Chennai: The resurging interest among medical aspirants in ‘Community Medicine’, a study encompassing prevention and management of disease has led to the government giving its consent to increase the number of postgraduate seats in the subject from the existing 19 in all state colleges to 25.
The Institute of Community Medicine at Madras Medical College has benefitted from this windfall by being sanctioned the 6 additional seats, increasing its PG intake from 4 to 10 for the next academic session. The government has also approved 15 new faculty posts at the institute.
Dr. Edwin Joe, Director, Medical Education speaking about the changing trend said “We are seeing a change in trend now. Students are choosing community medicine even when they are eligible for other clinical courses.”
Also known as ‘Preventive Medicine, Public and Community Health and Social Medicine’, Community Medicine pertains to managerial and research work towards prevention of diseases, health promotion in the community and monitoring implementation of various health policies.
“A community medicine practitioner doesn’t see the patient alone. A personal disease is seen as a symptom of a wider social malady afflicting the individual, family, and community,” said Dr Sanjay Zodpey , Indian Institute of Public Health.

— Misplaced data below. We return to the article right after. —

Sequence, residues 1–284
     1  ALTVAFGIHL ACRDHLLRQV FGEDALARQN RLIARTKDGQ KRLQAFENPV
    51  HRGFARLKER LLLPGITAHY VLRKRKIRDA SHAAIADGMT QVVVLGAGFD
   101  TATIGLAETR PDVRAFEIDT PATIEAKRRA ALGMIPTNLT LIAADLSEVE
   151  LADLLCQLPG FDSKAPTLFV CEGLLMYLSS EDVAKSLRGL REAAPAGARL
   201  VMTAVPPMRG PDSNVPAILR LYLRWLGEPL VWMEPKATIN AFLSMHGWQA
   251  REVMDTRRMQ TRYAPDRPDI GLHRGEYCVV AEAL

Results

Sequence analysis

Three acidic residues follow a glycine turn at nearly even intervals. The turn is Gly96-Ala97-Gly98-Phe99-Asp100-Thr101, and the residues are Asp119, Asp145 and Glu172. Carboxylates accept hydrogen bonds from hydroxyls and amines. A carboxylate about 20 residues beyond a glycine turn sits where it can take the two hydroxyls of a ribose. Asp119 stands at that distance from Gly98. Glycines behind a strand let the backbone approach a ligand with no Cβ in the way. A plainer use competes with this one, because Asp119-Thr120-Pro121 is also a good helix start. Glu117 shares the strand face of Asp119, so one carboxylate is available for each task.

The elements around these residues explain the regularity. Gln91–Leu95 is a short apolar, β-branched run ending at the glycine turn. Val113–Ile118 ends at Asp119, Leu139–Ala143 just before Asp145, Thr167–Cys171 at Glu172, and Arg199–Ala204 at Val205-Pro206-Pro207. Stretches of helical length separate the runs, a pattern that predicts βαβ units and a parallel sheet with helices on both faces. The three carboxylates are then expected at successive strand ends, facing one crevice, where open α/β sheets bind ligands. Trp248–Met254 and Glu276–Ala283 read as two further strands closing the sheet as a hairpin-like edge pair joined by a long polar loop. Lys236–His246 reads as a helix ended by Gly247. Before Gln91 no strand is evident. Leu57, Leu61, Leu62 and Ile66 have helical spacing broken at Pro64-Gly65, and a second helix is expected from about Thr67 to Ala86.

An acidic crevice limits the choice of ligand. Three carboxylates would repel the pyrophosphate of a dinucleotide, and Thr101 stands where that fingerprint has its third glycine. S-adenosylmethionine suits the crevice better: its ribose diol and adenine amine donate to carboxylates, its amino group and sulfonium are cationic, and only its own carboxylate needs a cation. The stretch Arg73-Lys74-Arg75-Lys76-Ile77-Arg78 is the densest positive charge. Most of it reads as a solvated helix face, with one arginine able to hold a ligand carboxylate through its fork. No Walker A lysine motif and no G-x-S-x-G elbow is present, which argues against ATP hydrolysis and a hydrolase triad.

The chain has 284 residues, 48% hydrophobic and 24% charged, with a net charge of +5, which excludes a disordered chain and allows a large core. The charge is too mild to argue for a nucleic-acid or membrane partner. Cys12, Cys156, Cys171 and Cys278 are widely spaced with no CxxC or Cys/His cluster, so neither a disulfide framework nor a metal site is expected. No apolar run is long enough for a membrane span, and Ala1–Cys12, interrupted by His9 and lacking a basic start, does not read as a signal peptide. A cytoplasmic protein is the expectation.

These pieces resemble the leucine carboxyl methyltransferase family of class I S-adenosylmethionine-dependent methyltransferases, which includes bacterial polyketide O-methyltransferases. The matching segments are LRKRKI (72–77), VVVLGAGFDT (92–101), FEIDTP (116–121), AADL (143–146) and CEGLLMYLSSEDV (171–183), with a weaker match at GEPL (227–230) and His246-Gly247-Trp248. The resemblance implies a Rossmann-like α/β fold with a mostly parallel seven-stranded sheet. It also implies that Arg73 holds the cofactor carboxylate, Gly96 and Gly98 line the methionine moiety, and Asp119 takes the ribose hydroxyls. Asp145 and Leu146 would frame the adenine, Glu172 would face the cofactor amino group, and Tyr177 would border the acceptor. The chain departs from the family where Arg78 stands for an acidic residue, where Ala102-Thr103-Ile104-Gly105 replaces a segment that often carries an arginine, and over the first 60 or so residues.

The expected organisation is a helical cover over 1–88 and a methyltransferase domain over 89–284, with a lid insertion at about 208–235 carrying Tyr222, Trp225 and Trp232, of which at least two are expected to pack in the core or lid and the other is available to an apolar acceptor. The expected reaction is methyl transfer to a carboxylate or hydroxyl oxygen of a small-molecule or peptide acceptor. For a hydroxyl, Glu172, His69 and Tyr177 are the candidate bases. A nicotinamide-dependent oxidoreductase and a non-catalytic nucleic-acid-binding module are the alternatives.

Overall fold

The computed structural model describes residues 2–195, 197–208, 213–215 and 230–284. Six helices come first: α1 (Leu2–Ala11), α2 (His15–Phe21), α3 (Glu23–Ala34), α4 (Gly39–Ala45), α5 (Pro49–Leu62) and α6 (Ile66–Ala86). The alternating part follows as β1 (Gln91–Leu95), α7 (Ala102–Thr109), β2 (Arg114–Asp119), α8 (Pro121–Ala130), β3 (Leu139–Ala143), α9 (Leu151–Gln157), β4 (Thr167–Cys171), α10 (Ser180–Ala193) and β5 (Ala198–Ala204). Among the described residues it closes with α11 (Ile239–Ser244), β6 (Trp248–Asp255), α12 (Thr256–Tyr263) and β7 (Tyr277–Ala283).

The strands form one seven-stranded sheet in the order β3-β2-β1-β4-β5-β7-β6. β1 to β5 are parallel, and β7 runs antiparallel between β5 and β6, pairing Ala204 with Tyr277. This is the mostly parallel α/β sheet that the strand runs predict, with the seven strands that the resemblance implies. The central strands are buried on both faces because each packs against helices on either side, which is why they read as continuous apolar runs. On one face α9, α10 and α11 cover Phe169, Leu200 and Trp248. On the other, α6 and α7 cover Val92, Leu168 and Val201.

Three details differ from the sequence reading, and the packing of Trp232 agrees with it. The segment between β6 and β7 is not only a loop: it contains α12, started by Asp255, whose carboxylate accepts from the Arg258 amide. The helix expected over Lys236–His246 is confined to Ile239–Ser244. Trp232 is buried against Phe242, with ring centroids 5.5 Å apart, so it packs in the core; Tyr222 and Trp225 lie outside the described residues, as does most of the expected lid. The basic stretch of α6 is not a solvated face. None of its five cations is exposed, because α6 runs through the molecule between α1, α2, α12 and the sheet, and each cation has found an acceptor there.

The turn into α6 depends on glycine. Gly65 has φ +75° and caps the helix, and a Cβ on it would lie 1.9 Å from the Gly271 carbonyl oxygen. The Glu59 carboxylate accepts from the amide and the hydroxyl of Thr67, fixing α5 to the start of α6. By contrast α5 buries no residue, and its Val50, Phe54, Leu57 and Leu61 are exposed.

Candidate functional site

The community medicine practitioner on identifying nonmedical reasons that lead to a particular disease which could include illiteracy, poor hygiene, poverty or limited access to healthcare facilities, works out a program to prevent this through health education.
Of the 16,191 MD seats, a mere 5% are reserved for community medicine in colleges. According to Director, Public Health, K Kolandaisamy, the highest number of postgraduates took on teaching for a career; a larger chunk also applies for state health department’s managerial roles. “A sizeable number are also recruited by international agencies like the WHO, while a smaller number pursue research,” he added.
Only 5% of the 16,191 MD seats in medical colleges across the country have been reserved for community medicine. Director, Public Health, K Kolandaisamy said the highest number of postgraduates take up teaching, while a large number apply for managerial roles in the state health department. “A sizeable number are also recruited by international agencies like the WHO, while a smaller number pursue research,” he added.
The dengue outbreak, just before the rain spell in the state could have seen community medicine doctors play a crucial role as:
“most of the dengue deaths happened because families sought medical help too late. Ideally, community medicine doctors should have been utilized to pick up cases directly from the field,” said former Director, Public Health, S Elango.
Speaking to TOI he further added, “We need community medicine because a doctor’s responsibility is not just to those who seek help but also to those who can’t afford to.”